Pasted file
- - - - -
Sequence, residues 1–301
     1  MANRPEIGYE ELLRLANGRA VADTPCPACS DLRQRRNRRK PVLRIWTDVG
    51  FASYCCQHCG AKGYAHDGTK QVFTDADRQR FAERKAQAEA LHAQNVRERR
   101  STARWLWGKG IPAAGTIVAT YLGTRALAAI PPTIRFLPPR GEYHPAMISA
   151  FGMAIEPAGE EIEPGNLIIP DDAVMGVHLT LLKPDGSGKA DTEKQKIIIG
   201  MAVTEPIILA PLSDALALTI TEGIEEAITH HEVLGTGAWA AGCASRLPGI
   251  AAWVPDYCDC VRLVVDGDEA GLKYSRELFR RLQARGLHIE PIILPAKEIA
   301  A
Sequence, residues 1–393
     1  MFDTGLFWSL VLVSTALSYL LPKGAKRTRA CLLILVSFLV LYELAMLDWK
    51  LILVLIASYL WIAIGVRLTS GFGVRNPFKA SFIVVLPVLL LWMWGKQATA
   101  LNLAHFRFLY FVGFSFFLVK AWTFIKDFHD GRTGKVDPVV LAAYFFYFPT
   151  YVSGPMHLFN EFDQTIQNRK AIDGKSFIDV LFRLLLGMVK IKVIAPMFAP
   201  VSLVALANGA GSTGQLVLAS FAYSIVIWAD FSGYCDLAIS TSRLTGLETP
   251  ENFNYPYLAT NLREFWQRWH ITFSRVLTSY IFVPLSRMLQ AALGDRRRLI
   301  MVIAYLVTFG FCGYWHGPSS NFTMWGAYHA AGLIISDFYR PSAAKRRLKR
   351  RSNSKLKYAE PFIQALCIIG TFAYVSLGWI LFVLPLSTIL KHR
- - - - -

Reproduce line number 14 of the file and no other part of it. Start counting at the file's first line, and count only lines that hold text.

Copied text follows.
   201  VSLVALANGA GSTGQLVLAS FAYSIVIWAD FSGYCDLAIS TSRLTGLETP